Over 42 million, or 34 percent, of U.S. households have IRAs
IRAs account for over 1/3 of the nation’s $25 trillion in retirement savings
For the over 40 percent of Americans who don’t have access to a workplace retirement plan, IRAs are the only source of dedicated retirement savings available to them
IRAs are subject to many of the same complex rules as employer plans, but individuals don’t have the resources employer plans do to comply with those rules. Worse yet, much less government guidance is available to IRAs than to employer plans.
“It’s easy to make a mistake. Consider excess IRA contributions. In 2012, people age 50 or older can contribute $6,000 to a traditional or Roth IRA, or their taxable compensation for the year -- whichever is smaller. A person who makes the maximum contribution at the start of each year may lose his job and fail to meet the taxable compensation hurdle. Or a retiree whose only income comes from pensions and dividends may not realize that “compensation” generally refers to earned income such as wages.” -“The IRS Cracks Down on IRA Mistakes," Kiplinger
Every year in every Congressional district in the country an average of nearly 3,500 constituents experience mistakes in reporting IRA distributions (that’s 1.5 million constituents nationwide every year and it accounts for only one type of error affecting IRAs).
“In Fiscal Year 2010, we found that approximately 300,000 individuals potentially contributed more than $3.9 billion of unreported excess contributions to IRAs in TYs 2006 and 2007.” -TIGTA, Ref. No. 2015-10-020, “Actions Can Be Taken to Further Improve the Strategy for Addressing Excess Contributions to Individual Retirement Arrangements” (Mar. 2015)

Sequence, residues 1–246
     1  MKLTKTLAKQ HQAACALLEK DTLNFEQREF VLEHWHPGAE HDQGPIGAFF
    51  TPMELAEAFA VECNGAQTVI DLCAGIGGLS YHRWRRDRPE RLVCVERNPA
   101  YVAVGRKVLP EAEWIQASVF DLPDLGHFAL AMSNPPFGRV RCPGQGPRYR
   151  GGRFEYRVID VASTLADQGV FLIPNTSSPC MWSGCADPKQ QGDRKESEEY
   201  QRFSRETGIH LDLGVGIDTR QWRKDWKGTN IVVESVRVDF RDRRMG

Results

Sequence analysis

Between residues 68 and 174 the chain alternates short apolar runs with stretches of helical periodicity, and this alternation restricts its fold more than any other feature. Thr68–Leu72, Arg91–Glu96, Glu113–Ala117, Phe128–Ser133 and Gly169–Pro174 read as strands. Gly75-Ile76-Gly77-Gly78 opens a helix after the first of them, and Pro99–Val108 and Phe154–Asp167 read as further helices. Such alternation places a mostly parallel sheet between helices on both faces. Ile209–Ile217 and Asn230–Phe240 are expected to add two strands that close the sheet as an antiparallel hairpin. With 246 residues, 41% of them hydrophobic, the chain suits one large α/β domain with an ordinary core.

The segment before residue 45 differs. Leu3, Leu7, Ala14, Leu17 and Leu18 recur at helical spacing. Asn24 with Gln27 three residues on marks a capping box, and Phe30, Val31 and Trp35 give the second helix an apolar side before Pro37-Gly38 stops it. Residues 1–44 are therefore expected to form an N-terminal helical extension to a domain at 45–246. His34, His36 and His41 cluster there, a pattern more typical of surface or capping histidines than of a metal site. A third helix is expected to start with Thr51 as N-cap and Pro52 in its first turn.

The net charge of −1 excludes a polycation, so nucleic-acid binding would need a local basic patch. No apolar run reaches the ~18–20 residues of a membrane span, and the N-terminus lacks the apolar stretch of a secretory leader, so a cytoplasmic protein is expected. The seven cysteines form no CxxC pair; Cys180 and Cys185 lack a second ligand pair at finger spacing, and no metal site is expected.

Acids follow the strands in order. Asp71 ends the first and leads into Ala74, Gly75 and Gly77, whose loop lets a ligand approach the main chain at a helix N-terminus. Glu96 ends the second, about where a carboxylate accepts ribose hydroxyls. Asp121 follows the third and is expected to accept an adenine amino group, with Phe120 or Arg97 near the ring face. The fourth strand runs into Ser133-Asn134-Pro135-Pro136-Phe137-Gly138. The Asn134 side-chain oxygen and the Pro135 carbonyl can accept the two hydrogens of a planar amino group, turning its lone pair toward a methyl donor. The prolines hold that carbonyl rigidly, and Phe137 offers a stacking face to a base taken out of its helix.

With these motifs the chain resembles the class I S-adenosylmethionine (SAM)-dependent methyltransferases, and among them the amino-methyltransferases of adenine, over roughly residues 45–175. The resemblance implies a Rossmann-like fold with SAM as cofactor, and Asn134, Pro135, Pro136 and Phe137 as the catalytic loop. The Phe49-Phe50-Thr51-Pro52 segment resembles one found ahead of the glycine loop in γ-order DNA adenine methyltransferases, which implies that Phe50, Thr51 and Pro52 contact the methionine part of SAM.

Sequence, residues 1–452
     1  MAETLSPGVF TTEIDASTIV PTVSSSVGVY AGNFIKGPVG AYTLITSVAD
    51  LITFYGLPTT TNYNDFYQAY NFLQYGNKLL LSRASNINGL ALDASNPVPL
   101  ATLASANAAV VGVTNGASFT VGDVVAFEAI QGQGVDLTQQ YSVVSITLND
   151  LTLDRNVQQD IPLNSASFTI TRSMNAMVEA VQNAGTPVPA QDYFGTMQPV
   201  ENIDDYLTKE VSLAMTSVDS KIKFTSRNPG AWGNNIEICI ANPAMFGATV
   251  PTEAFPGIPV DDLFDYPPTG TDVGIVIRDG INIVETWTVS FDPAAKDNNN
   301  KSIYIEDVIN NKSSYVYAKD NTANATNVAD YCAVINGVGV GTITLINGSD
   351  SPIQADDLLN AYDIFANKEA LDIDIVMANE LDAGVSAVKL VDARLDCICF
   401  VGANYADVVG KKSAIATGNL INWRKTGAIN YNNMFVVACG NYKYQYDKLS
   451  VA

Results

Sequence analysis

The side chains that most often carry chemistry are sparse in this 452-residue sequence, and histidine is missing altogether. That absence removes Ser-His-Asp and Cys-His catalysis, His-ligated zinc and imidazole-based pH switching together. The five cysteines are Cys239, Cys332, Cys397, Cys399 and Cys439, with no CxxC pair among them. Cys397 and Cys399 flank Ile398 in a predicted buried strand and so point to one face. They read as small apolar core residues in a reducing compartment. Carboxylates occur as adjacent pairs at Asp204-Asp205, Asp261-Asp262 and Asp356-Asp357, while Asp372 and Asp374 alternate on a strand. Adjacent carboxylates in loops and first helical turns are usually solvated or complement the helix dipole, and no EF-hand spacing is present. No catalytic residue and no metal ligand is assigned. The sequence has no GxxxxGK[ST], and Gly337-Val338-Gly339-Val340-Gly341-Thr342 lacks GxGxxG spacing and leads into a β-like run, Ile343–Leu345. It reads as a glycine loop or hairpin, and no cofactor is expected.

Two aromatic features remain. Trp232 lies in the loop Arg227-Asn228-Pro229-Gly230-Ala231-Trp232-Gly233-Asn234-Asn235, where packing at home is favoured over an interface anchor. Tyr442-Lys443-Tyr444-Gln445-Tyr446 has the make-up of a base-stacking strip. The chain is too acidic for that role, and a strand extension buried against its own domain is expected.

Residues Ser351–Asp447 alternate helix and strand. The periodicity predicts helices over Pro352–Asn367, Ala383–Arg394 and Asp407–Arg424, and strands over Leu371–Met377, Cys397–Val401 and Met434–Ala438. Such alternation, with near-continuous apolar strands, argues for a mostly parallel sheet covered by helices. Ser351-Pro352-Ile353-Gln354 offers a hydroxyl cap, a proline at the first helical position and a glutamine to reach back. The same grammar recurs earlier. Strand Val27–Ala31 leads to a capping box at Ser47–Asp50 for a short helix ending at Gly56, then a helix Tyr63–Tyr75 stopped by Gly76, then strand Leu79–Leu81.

IRAs face loss of tax qualification for prohibited transactions:
Employer plans have a dedicated program designed to facilitate voluntary correction and compliance after a mistake has occurred. These programs allow for vastly reduced penalties upon completion of corrections. The remedies for IRAs are extremely limited in some cases and nonexistent in others.
“Jean Hockenbrocht, a 76-year- old chocolate-factory worker in Lititz, Pa., says she missed four years of IRA withdrawals because her investment advisor confused . . . [the] rules. He had rolled her 401(k) to an IRA and mistakenly told her she should skip the distributions because she was still working.” - “IRA Rules Get Trickier,” Wall Street Journal
“Arthur Elkin, a 60-year-old retired federal government worker in Delaware, didn’t realize he and his wife had made excess contributions to their Roth IRAs for seven years until he started working with a new accountant.” - “IRA Rules Get Trickier,” Wall Street Journal